And another thing I’m learning is that Sam sometimes enjoys her work more, and does a better job, when I give her more structure. She has not been choosing her work this week. She will flop on the couch and talk to herself for a half hour while I work at my desk and watch her out of the corner of my eye, hoping that she will finally take the initiative. But she gets excited if I say, “We haven’t tried spelling yet. Let’s try spelling!” Or, “You don’t seem to be able to choose a piece of work so I will choose for you. Let’s get the animal encyclopedia.” Once I do that, she becomes engaged. And on the other hand, I left her alone to work on a difficult math exercise today, instead of sitting next to her as I did last week. She stepped up to the plate and did a great job – much better than she did last week.

So, I guess I’m learning that it is really, really hard to know how much structure and guidance Sam needs. I’m trying to keep an open mind and keep observing.

This will be the first in my series of posts detailing my homeschool curriculum. But I’ve promised many series on this blog and not followed through, so be warned.

Sammy’s writing – her penmanship – is probably her weakest skill, and I have no great ideas about how to teach it. I decided to try Handwriting Without Tears based on numerous recommendations and from what I could tell from their web site. I don’t know if it will be a good fit for Sammy or not. My choice on this subject is basically a shot in the dark, although it’s not like I haven’t thought about the issues involved. The most controversial is what comes first: printing or cursive.

HWT begins with printing, while Montessori supposedly begins with cursive. In reality, the cultural influences in this country promoting printing as a child’s first writing are so strong that it is almost impossible for Montessori schools to practice what they preach. I witnessed this firsthand, as Sam copied both my writing (I reverted to print when traditional school demanded it) and her (non-Montessori) friends’. At school, Sam had a cursive Moveable Alphabet and Sandpaper Letters, but all of her work came home printed. When I spoke to her teacher about it just to get clarification, she said that they try to encourage and teach cursive, but the children just don’t want to do it. I think the idea that cursive is easier and faster is true, but it is not easier in the very beginning, and if they are exposed to both, children will take the easier option. Also, print is what children see in books, and therefore, what they are most familiar with. I don’t have any strong feelings one way or another on the issue of which comes first, although I think it is absurd to wait until third grade to even introduce cursive, or to abandon it altogether, as many public schools are doing.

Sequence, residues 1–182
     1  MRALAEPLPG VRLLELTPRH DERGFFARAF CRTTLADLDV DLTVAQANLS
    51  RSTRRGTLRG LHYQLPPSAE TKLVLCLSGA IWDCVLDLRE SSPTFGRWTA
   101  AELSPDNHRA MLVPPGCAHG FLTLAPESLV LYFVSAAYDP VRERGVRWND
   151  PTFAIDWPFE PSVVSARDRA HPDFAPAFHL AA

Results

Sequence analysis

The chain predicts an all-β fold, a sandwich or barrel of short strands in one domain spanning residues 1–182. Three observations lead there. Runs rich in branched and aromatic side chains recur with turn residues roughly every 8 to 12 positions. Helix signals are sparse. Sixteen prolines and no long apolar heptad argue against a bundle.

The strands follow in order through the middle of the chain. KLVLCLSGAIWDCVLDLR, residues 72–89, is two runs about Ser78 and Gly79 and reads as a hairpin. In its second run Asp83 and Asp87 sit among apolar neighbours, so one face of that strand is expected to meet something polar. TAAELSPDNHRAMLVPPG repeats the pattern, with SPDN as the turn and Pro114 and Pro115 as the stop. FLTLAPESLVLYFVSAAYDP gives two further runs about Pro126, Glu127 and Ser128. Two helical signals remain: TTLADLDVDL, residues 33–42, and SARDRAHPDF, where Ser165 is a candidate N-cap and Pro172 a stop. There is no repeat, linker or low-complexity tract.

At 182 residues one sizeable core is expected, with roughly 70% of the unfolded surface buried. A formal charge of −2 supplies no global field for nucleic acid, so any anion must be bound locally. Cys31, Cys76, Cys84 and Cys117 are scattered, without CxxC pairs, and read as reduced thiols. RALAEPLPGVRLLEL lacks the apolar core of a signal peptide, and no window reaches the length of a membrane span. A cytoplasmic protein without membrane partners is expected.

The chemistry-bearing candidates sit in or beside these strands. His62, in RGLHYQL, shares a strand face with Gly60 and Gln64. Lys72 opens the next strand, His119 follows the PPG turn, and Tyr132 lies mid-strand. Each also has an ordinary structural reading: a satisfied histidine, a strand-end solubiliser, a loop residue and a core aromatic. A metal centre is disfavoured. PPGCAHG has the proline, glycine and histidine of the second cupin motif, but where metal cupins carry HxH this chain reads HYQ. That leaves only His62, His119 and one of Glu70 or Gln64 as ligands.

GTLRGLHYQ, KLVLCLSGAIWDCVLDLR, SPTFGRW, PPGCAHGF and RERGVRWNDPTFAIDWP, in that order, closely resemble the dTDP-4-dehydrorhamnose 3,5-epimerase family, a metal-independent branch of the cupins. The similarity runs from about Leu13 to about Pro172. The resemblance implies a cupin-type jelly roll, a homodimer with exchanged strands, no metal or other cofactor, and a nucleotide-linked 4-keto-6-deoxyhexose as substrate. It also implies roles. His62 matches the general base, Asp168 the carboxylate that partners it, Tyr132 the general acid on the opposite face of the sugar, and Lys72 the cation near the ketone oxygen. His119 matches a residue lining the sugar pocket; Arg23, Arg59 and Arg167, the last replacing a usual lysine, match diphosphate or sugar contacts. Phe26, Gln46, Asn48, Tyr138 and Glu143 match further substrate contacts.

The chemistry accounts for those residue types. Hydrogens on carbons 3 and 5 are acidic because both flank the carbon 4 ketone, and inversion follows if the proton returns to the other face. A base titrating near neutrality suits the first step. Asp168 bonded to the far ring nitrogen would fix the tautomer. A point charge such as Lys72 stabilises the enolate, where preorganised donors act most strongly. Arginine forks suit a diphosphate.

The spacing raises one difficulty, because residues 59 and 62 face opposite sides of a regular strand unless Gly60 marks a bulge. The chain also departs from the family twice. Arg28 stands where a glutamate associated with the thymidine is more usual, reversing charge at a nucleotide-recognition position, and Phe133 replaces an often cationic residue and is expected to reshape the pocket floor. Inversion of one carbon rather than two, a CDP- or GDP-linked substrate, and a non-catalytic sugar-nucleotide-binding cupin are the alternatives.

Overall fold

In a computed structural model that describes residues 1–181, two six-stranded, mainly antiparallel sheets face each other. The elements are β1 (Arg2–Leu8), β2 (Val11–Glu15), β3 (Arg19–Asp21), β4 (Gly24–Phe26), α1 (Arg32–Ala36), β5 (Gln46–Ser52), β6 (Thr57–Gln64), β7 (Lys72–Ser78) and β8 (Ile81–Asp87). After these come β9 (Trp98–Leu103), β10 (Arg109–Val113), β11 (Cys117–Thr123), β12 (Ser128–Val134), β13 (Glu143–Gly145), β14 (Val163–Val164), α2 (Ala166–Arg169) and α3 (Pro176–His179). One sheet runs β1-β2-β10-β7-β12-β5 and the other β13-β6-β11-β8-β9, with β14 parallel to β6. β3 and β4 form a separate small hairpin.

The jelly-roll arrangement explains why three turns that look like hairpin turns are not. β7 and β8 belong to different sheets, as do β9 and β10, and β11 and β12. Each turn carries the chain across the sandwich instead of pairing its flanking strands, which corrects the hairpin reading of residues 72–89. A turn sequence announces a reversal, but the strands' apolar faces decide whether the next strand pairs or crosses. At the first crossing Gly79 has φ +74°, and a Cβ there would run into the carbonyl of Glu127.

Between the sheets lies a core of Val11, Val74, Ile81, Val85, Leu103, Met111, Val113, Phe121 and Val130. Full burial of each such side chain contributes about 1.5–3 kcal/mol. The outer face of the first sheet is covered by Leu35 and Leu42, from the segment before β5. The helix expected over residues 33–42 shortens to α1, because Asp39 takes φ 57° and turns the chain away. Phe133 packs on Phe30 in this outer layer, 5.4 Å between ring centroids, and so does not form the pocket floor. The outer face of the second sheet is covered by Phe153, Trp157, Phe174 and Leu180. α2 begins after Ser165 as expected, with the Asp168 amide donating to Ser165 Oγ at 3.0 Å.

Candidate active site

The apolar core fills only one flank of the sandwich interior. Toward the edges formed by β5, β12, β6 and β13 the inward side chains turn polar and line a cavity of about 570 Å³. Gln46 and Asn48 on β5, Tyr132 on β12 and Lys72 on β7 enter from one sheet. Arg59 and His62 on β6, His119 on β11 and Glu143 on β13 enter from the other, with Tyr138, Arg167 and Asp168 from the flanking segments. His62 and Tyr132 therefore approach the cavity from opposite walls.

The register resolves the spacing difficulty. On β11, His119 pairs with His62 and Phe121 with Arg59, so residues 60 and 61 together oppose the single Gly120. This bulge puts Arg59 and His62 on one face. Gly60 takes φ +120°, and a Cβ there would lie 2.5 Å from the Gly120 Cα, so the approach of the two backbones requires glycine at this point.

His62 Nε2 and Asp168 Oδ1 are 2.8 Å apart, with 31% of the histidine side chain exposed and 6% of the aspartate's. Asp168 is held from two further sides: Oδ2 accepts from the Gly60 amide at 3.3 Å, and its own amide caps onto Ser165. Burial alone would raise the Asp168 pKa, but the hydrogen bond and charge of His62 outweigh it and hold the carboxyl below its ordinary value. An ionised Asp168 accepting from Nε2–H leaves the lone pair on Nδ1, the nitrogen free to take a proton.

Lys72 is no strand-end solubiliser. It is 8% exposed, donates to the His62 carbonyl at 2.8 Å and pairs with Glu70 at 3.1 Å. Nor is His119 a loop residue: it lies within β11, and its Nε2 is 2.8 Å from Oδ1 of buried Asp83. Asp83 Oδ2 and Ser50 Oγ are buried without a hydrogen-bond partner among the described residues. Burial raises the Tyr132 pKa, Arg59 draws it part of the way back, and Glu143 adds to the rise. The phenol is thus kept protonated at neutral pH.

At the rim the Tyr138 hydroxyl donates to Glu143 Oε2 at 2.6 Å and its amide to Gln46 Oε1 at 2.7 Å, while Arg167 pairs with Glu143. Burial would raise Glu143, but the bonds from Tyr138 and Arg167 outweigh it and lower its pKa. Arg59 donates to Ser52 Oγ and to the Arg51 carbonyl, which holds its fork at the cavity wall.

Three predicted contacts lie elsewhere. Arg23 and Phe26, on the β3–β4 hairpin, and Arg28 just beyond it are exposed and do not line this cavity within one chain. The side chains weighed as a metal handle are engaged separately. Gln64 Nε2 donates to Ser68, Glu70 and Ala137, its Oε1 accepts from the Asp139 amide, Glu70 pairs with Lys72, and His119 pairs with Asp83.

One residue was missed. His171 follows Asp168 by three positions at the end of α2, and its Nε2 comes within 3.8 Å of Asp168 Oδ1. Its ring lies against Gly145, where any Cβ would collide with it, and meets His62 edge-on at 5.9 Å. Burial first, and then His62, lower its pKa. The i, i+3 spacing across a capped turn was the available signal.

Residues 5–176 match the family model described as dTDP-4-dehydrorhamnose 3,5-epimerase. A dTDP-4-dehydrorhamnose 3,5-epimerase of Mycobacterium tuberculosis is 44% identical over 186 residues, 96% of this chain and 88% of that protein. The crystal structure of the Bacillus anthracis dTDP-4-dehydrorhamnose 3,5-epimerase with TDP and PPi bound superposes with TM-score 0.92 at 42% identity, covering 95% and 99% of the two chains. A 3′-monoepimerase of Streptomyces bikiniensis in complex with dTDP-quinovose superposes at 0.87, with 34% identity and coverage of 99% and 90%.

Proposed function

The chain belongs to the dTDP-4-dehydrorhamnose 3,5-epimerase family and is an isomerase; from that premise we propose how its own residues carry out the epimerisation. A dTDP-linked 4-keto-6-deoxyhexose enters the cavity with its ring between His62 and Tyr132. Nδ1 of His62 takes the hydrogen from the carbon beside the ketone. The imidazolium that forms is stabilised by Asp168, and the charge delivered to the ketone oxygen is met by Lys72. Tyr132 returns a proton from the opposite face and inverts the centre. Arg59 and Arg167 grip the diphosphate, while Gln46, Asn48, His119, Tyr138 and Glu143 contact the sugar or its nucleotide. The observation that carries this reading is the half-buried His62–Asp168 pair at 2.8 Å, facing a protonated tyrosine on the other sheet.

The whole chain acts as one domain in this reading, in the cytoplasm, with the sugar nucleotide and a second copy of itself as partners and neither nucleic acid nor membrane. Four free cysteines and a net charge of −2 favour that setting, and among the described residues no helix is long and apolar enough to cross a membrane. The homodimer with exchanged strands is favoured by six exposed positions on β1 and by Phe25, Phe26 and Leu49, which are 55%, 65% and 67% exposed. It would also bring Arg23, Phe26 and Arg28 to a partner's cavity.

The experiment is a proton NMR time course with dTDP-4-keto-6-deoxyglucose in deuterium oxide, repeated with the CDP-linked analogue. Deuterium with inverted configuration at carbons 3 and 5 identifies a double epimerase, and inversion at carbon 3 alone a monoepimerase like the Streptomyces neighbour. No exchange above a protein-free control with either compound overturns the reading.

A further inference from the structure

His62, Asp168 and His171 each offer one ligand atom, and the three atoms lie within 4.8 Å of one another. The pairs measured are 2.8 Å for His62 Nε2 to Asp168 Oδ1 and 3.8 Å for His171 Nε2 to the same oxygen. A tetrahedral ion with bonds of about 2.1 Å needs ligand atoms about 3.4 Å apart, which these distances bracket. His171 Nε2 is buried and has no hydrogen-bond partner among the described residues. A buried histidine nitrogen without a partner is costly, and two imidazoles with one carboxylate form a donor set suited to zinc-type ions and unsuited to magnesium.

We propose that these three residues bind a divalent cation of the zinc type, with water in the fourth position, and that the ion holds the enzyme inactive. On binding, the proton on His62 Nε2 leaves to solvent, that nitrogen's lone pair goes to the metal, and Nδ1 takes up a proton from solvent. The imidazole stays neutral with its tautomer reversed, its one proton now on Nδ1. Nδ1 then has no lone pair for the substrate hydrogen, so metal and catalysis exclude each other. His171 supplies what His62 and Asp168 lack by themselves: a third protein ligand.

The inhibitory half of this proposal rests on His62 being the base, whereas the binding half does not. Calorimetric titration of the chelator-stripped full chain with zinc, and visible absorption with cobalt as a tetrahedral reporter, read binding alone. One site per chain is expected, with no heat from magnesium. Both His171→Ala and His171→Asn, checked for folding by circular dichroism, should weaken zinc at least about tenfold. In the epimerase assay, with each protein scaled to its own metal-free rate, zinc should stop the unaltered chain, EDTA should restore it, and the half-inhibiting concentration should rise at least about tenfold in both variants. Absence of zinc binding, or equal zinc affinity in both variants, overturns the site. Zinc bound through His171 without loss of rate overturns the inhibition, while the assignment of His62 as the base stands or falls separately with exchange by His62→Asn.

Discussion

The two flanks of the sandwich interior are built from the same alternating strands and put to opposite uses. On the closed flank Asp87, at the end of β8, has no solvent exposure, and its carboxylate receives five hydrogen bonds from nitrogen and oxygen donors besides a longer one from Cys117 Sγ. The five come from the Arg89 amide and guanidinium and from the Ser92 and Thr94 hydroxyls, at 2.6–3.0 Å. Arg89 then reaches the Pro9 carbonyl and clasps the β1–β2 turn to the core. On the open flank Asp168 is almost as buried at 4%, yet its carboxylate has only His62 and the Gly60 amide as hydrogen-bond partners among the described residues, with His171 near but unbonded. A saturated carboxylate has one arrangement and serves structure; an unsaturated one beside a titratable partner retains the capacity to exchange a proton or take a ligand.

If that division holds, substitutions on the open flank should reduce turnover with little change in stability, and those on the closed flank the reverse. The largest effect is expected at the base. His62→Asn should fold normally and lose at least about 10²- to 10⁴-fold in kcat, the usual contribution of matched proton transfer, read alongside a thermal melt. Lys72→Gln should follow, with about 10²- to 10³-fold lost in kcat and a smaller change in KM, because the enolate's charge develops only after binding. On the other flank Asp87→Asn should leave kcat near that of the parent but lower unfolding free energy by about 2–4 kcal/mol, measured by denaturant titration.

There were some questions on my homeschool room post about why I have a set of print Sandpaper Letters, as opposed to cursive. I can’t even remember why I purchased the print ones – I bought them at the end of Sammy’s first year at Montessori for our summer experiement, and I think my reasoning was that she already seemed to be started on printing and I wanted to leverage what she knew. Now, I plan to use the Sandpaper Letters as an exercise in the three types of lowercase print letters – in HWT terminology: small, tall, and descending. Will I use them for Leo and Zoe, or will I try to reinforce cursive first? I don’t know.

HWT starts cursive in third grade which I think is much too late. Sam is already intrigued by cursive writing, and I have a great app for my iPad which she likes to play with. As soon as she shows some mastery of printing, I will begin to work with her on cursive and I plan to require all of her written essays to be in cursive eventually. I don’t know how I will actually teach cursive. If HWT is working for us, maybe we’ll skip ahead and use their program.

The HWT lessons are probably the most closely guided thing that we do in school, and Sammy hated her first lesson. But as I wrote last week, she loved it when we tried again. The very first piece of work she chose Monday morning was a printing lesson.

I do like what I see in HWT so far. I purchased the first grade “My Printing Book” workbook, the teacher’s guide, and some extra paper. The teacher’s guide was very confusing at first. I like that it explains the reasons for every small choice they have made in the curriculum, from what kind of paper to use to exactly how to form the letters. But it’s not easy to open it up and know how to give the first lesson. The guide has a wealth of “multisensory activities” which might be useful, but which clutter up the basic lessons. I’d rather have a “quick start” guide and then a separate reference to go to if I feel that Sam needs additional help or exercises. I wasn’t fond of the idea of starting with a subset of capital letters and calling them “frog jump capitals” because you lift the pencil off the paper and “jump” back to where you started. It seemed silly and I didn’t like starting with capitals, or of writing a capital “M” by starting in the upper-left corner. However, Sam really responded to this lesson and she actually says, “ribbit” when she lifts the pencil off the paper. She has a very concrete method to follow, and she is working on forming her letters with precision, which is exactly what she needs to be doing.